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Lesbian MLA in tight race in Vancouver-Kensington

Liberals pit Filipino candidate against Mable Elmore

"I'm working hard," NDP incumbent Mable Elmore says. "I'm not taking anything for granted."

NDP candidate Mable Elmore says she’s not taking anything for granted this election.

Elmore, who became BC’s first Filipina MLA in 2009, is in a reportedly tight race to keep her seat in Vancouver-Kensington, where the Liberals are now running their own Filipino candidate.

The Liberal candidate is Gabby Kalaw, who ran with the Vancouver Non-Partisan Association for a seat on the city parks board in 2011.

Elmore says the race between Filipino candidates has raised the profile of the election in her riding.

“I’m running hard, I’m working hard,” she says. “I’m not taking anything for granted.”

To Elmore, the major issues this election are affordable housing and childcare, accessible education, and the need for mental-health support for youth and children.

“There’s a sense of wanting a change,” she says.

Elmore is a veteran of various sociopolitical movements and has advocated for queer visibility, particularly in the students’, women’s, labour and peace movements. She has facilitated courses about fighting homophobia in the workplace, both in BC and Ontario, as well as coordinated a cross-Canada program to raise awareness about queer issues in the workplace.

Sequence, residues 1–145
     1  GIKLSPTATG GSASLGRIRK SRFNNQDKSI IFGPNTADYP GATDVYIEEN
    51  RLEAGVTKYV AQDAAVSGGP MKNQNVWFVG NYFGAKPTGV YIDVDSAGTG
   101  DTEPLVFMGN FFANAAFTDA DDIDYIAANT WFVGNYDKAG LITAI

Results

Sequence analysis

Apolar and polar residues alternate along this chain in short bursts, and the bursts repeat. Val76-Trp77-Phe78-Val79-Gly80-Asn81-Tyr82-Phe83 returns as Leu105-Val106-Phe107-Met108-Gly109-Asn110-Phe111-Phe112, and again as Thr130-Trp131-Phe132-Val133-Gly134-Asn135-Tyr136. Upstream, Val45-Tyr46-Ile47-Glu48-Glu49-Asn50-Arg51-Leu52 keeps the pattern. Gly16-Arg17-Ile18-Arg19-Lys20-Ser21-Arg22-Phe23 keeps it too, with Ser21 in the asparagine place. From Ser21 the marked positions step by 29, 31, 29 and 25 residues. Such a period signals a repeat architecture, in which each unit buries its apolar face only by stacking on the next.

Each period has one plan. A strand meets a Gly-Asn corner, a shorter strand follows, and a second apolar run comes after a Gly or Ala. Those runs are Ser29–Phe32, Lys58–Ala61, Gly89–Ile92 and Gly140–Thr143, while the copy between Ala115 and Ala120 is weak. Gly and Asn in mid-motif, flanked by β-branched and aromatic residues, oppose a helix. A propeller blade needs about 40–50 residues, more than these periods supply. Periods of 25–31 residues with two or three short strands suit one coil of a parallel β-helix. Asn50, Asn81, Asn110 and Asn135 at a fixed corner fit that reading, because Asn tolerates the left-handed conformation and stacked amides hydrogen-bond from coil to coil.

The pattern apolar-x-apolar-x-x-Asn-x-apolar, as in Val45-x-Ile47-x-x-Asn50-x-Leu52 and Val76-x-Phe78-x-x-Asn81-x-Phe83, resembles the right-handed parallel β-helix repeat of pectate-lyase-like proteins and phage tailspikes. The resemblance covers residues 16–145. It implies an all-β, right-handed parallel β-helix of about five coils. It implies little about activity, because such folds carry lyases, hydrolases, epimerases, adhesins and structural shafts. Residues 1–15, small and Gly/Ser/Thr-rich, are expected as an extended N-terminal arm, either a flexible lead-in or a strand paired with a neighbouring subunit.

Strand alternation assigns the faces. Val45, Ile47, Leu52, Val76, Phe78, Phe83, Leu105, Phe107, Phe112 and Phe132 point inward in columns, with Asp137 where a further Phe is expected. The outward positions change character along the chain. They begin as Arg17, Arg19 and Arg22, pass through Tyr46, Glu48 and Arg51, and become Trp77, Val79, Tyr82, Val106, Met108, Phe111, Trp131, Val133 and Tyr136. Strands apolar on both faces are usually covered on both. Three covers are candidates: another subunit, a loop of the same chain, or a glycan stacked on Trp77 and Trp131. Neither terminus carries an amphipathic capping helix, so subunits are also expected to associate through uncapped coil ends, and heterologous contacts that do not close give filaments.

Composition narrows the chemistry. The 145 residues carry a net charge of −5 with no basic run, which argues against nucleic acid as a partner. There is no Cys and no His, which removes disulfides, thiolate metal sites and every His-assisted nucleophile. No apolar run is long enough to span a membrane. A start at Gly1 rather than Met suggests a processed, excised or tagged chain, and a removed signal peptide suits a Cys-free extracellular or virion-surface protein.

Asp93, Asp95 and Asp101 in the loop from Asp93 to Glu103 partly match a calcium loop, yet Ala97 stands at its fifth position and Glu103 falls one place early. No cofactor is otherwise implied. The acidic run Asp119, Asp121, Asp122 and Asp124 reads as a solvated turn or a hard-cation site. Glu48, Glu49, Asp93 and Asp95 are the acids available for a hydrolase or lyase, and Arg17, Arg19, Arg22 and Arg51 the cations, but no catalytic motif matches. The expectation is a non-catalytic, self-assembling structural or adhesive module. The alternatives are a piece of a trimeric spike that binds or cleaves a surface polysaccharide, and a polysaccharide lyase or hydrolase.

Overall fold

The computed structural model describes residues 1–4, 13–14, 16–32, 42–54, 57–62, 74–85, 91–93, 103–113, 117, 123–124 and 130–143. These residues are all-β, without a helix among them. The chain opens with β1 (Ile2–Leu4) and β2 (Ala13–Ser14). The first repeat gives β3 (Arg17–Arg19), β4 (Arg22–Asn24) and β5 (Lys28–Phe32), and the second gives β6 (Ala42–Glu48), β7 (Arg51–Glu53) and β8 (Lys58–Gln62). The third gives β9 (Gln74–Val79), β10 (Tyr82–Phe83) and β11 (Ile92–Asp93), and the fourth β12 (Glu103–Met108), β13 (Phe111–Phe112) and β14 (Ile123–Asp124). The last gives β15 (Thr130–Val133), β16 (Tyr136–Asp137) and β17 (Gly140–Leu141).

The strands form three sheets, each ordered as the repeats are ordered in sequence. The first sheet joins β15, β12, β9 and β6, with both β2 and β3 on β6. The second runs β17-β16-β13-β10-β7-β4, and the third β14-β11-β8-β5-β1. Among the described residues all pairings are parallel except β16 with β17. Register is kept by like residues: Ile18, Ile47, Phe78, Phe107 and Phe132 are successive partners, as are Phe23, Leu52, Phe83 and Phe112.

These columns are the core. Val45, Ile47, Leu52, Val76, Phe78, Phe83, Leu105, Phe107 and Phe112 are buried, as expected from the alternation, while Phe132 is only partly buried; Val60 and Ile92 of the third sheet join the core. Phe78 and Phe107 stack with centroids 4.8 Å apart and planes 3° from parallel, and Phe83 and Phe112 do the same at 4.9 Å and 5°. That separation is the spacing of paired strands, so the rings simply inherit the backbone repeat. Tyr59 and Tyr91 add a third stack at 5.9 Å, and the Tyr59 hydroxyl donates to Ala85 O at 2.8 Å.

She has been on hiatus from her job as a bus driver since winning her seat in the legislature four years ago.

In the legislature, Elmore has served as opposition critic for ICBC (the Insurance Corporation of British Columbia) and as deputy critic for finance, for childcare and early learning, and for multiculturalism and immigration. She has also served on the select standing committee on children and youth.

Kalaw’s campaign did not respond to Xtra’s requests for an interview.

His campaign biography says he was born in the Philippines and moved to Richmond at a young age. He attended Nova Scotia’s Acadia University, earning a bachelor of arts in political science with a minor in economics. He was also managing editor of the school’s student newspaper.

After university, Kalaw worked with Journalists for Human Rights in Ghana, training local journalists in identifying social justice issues and human rights abuses. He was also an editor of the social justice section at The Chronicle, Ghana’s largest private national newspaper.

Kalaw is currently a business development manager at a telecommunications software company. He is a member of the board of directors of the Friends of Bloedel Conservatory and of the Kitsilano Chamber of Commerce.

Vancouver-Kensington is an ethnically diverse riding, where 52 percent of residents identify as Chinese and about 16 percent as Filipino, according to data from the 2006 BC census.

In the 2009 election, Elmore beat Liberal candidate Syrus Lee by 2,077 votes.

The two Filipino candidates will be up against Green Chris Fjell and Conservative Raj Gupta this May.